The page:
Knowledge of the chemical and microbiological composition of organic matter and the processes by which carbon, nitrogen and nutrients are stabilized is essential to predict the extent and timescale at which SOC will be remobilized from thawing permafrost under climate change.

We have long-standing collaborations with institutes at the Biological Centre of the Academy of Sciences of the Czech Republic, and with foreign universities in Helsinki, Hannover, Vienna and Uppsala. These collaborations open up the possibility for our students to travel abroad on a placement at a friendly university.

Team members: Jiří BártaMuhammad Waqas (PhD student), Marria Dimova (postdoc), Monika Strejckova (technician), Simona Zelenkova (MSc student), Annika Schmidinger (Bc student), Laura Noskova (Bc student), Jonas Proger (Bc student), Sára Turková (MSc student), Marie Šabacká

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Parasitology and Infection Biology
  1. The study of life cycle of trematodes from the family Opecoelidae occurring in gastropods Buccinium spp.and family Gymnophalidae from bivalves Mya truncata and Hiatella arctica.
  2. Study of other helminths found in fish and selected invertebrate hosts.
  3. Examination of tissues and organs if selected vertebrate and invertebrate hosts with the aim of the histological studies of parasites from the groups Apicomplexa, Myxozoa, Microsporidia, Ciliata and the isolation of amphizoic amoebas.
  4. Mapping of biodiversity of littoral biocenoses
  5. Intestinal parasites of mammals and birds
    Examination of feces using classical coprological methods and molecular analyses. Special attention is paid to parasites of Polar Fox (Vulpes lagopus) and Polar Bear (Ursus maritimus), as well as to parasites of introduced mammals (vole Microtus levis and dog).
  6. Searching for arboviruses and influenza viruses
    Using molecular analyses, the mosquitoes Aedes nigripes (larvae and adult females) and ticks Ixodes uriae are examined for arboviruses. Oropharyngeal and cloacal swabs as well as droppings of selected species birds are screened for influenza viruses. Antibodies against bird influenza have been already recorded in serum samples of Black-legged kittiwakes (Rissa tridactyla).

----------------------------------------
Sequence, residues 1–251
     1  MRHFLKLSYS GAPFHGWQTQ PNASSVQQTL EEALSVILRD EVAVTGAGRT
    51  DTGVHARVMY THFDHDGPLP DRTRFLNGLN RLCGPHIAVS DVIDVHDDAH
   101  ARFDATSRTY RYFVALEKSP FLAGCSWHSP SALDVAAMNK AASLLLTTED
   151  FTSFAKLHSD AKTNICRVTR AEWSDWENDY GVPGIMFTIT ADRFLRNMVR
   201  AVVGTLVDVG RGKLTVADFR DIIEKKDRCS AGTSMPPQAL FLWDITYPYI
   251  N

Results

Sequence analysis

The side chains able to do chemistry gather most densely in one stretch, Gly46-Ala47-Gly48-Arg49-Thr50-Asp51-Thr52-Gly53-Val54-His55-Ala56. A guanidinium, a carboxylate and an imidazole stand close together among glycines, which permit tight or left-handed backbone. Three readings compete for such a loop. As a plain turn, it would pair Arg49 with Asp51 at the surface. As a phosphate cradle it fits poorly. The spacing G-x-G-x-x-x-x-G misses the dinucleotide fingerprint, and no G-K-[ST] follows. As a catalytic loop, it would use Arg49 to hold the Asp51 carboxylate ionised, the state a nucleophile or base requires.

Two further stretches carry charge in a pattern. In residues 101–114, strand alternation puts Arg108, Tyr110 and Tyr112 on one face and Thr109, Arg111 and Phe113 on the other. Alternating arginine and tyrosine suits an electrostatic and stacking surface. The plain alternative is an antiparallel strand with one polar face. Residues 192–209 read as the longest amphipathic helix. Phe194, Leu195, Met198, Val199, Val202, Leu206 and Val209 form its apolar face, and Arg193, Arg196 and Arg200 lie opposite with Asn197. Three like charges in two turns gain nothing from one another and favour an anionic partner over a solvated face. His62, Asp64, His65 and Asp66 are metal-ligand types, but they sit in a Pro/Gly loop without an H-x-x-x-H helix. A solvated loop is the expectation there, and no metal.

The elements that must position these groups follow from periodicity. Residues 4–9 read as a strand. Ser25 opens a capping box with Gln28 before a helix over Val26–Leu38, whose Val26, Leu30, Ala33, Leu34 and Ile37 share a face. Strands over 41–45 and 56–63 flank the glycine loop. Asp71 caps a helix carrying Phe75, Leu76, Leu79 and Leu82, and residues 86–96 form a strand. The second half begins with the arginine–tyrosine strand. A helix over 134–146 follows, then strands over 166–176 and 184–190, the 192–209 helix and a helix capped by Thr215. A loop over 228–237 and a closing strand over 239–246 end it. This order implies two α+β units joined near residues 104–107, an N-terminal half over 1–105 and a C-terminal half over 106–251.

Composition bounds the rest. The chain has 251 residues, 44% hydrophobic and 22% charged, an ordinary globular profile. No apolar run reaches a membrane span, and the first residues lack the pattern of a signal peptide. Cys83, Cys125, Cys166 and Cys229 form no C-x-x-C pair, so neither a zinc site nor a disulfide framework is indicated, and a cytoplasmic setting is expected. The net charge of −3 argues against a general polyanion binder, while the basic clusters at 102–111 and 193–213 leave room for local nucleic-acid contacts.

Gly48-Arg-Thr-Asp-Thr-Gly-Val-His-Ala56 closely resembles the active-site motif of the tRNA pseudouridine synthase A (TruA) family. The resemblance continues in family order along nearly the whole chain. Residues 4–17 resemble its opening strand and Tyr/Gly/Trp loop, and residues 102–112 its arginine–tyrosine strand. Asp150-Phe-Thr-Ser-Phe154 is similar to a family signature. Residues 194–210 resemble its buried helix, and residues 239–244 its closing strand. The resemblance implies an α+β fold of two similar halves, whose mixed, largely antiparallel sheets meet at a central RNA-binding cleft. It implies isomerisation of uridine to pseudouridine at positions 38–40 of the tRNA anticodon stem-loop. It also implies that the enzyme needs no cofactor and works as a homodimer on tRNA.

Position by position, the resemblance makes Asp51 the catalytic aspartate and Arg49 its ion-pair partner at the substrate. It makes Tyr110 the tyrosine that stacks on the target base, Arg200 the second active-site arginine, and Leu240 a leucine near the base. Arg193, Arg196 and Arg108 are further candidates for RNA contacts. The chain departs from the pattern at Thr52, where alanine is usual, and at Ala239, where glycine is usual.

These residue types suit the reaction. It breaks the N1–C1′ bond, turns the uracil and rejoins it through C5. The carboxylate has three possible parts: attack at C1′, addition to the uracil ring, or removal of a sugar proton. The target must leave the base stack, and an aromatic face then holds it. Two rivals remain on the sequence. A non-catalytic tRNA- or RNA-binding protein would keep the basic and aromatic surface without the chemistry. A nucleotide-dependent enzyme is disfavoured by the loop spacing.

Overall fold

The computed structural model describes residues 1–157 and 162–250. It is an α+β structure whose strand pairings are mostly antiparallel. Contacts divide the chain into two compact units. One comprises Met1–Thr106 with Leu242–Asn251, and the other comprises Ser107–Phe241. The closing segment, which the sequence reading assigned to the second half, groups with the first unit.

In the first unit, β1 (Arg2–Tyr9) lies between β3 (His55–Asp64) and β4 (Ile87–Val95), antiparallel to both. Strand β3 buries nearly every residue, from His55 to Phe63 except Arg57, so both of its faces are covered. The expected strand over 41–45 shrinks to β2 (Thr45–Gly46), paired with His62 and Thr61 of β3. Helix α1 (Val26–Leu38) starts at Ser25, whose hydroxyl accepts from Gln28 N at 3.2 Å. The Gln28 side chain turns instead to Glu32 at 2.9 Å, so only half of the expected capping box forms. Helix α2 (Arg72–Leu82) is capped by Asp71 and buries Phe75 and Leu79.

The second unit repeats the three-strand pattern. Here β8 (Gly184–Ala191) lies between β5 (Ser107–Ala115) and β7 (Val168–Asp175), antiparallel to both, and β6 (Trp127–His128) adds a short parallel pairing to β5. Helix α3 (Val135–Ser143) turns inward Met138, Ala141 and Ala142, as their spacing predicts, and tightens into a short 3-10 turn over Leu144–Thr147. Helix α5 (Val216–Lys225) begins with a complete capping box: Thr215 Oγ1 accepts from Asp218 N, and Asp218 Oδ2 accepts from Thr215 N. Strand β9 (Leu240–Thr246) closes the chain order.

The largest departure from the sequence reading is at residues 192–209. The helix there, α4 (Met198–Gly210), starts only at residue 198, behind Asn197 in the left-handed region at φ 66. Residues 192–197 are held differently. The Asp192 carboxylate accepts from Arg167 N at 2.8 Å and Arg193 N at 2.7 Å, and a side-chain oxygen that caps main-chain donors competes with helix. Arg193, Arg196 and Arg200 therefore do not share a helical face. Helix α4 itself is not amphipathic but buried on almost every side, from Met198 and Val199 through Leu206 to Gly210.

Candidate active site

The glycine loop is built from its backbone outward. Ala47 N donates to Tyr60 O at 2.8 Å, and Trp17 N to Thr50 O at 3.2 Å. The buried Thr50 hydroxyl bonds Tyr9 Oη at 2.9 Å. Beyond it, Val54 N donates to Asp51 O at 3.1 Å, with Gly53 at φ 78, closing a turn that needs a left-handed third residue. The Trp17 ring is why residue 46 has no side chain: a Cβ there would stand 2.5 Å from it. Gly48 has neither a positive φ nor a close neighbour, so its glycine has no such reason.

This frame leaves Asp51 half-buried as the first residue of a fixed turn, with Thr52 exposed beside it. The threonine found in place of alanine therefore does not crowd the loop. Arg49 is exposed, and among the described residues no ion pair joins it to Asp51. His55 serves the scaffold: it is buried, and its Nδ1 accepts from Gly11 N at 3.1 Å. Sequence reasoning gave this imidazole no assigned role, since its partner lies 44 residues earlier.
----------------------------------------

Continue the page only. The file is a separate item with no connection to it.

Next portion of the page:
Team members: Oleg Ditrich, Eva Myšková

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Ornithology group focuses mainly on:

  • evolutionary ecology, life histories, global comparative insights
  • climate change and human pressure impacts and adaptations
  • population dynamics, demography, latitudinal gradients
  • predation, predator-prey interactions, parasites
  • migration, behavioral ecology, breeding associations
  • sex roles, mating systems and parental investment
  • camouflage and plumage colouration
  • Important Bird Areas, conservation implications

When asking important scientific questions, we are often effectively combining independent data at three different levels: i) data directly collected by our team – individual in-depth field studies using a detailed methodology and experimental design; ii) data collected according to unified protocols across an extensive network of 40+ collaborating teams worldwide; iii) data extracted from published and online sources, enabling broad comparative insights.

Our investigations have several important implications. First, we are identifying key climate change, human pressure, and life-history factors affecting breeding performance and survival rates as well as global population trends of wild animals with the use of recently developed demographic models adopting an explicit phylogenetic framework. Second, the exploration of spatial and temporal changes in life-history traits, population dynamics, and social behavior is enabling us to track historic patterns and recent impacts of climate change and human pressure on wild animals in a rapidly changing world. Third, we do care for the outreach and conservation implications of our research, our scientific outputs are being disseminated among conservationists, policymakers, and the wide public in various countries to promote and advocate new specific conservation applications mitigating the impact of recent environmental changes.

We look forward working with highly motivated researchers from all over the world. This may include scientists, conservationists, post-docs, students at various levels, interns, and volunteers. Get in touch with us.

Team members: Vojtěch Kubelka, Guillaume Dillenseger and Andreas Rimoldi, Sára Turková

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Branišovská 1645/31a, 370 05 České Budějovice Tel. 387 776 201 | This email address is being protected from spambots. You need JavaScript enabled to view it.